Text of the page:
National Security

Trump’s CIA Nominee Has ‘Done Some Of The Agency’s Best Work Against The Russians’

(Photos: Screenshot/YouTube/Mark Wilson/Getty Images)

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Several intelligence officials said Gina Haspel, President Donald Trump’s nominee to lead the CIA, has done some of the intelligence community’s “best work” in Russian operations, but the public and the Senate that must confirm her might never know it.

Michael Morell, former acting CIA director under former President Barack Obama, laid out a list of things the public might not know about Haspel, and cannot reasonably expect to know much about.

“Because she has lived a life in the shadows, there’s much the public doesn’t know about her,” Morell said on his podcast “The Cipher Brief,” interviewing the former CIA director under former President George W. Bush, Michael Hayden.

The CIA has declassified some biographical information about Haspel and a broad outline of her career in recent weeks, but many Senate members are still opposed to her nomination.

The public doesn’t “know that she’s served in some of the most dangerous places on the planet,” Morell said. “They don’t know that she’s been shot, and she still has the bullet that hit the tire of the car she was in when she was shot at. They don’t know that she survived a coup d’état.”

“And, they don’t know that she’s done some of the agency’s best work against the Russians,” he said.

“Yeah. Lots of reasons,” Hayden said, before using a football metaphor to explain why the Senate should choose Haspel. “My team, the Steelers, always has one law: The best athlete available, pick him. Gina is the best athlete available … I can’t think of anyone else that’s even close to her that would bring the necessary credentials, respect, authenticity to the job.”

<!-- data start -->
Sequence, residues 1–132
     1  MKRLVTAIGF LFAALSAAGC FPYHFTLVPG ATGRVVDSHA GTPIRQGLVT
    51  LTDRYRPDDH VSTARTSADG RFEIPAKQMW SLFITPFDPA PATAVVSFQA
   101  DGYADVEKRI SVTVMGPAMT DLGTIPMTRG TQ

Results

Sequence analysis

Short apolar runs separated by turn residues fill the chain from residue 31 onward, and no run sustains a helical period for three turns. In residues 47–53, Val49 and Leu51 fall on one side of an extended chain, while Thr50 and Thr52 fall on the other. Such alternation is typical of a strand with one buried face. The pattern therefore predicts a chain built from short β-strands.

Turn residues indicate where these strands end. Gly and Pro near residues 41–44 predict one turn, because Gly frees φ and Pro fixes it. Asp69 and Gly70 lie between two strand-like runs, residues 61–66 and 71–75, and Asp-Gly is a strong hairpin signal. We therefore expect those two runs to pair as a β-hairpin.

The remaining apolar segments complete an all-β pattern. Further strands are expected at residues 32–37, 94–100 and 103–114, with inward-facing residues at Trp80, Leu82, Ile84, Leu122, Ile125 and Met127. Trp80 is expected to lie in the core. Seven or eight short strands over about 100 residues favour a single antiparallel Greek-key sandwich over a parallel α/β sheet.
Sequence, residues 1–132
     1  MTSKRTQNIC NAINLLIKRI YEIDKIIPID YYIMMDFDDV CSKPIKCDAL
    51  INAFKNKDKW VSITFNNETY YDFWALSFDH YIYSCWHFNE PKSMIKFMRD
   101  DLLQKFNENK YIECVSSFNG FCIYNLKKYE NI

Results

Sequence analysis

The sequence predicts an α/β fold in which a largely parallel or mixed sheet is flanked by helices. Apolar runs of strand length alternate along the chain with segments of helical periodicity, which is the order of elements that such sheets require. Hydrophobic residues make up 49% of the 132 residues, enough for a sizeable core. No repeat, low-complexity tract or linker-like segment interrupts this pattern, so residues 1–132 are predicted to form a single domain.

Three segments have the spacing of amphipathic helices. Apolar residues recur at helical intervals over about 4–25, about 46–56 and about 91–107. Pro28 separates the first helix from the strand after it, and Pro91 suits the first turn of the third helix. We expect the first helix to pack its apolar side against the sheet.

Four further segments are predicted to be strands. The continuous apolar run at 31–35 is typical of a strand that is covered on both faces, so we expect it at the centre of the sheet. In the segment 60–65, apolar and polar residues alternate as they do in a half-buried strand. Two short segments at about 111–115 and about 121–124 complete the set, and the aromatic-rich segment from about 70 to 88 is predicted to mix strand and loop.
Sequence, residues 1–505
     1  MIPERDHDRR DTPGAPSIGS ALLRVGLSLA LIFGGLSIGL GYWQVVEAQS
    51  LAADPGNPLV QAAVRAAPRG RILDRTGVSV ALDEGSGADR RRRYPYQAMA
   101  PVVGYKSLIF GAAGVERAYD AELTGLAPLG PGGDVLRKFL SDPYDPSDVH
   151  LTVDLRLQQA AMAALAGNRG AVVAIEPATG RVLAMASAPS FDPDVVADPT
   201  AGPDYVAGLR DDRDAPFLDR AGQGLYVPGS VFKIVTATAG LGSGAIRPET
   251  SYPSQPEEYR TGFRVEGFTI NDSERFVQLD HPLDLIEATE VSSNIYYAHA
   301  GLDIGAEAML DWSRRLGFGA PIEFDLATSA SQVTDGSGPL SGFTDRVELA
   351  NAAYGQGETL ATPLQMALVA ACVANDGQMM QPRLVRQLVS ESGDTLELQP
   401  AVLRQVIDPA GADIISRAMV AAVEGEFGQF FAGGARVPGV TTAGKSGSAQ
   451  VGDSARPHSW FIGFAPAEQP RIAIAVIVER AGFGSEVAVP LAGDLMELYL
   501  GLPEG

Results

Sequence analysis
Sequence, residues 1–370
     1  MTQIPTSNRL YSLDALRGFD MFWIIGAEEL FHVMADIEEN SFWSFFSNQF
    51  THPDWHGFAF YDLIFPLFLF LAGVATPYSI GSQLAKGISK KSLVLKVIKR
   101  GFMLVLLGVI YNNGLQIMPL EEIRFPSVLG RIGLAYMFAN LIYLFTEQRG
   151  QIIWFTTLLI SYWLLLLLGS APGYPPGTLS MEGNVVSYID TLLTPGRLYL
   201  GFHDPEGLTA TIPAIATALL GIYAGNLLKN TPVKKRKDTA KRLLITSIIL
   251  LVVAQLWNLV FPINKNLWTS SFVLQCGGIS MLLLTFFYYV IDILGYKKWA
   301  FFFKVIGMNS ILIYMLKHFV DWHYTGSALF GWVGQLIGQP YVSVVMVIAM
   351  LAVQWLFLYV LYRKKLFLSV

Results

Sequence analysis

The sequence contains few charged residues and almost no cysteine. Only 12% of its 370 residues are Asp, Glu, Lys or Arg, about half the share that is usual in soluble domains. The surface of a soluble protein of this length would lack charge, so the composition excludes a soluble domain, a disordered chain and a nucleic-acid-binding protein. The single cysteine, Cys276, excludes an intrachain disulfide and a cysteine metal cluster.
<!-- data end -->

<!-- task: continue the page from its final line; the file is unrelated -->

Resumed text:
Haspel was part of the European and Central Eurasian operations in the early 1990s, just after the fall of the Soviet Union, according to the CIA’s timeline. She learned Russian and Turkish while in the CIA, and was an intelligence operations officer for the Russian group in 1993. She eventually became a station chief, then a group chief for Russian operations, working in the central Eurasia division.

Despite the release of Haspel’s career information Tuesday and a 2011 memo that purported to absolve the career spy of wrongdoing in the alleged destruction of video tapes said to show waterboarding operations, Democrats said the CIA is still withholding too much information.

That memo, written by none other than Morell when he was deputy director of the CIA, was a disciplinary review that looked at Haspel and her then-boss Jose Rodriguez, the director of the National Clandestine Service at the time. Morrell cleared Haspel of wrongdoing, as she was following Rodriguez’s orders to direct the destruction of videos that showed interrogation, and made efforts to ensure that Rodriguez had the appropriate authority to destroy the tapes.

The CIA has reportedly offered a secure room for members of the Senate Committee on Intelligence to view some documents that are still classified, but committee Democrats rejected that offer, saying they needed more public transparency.

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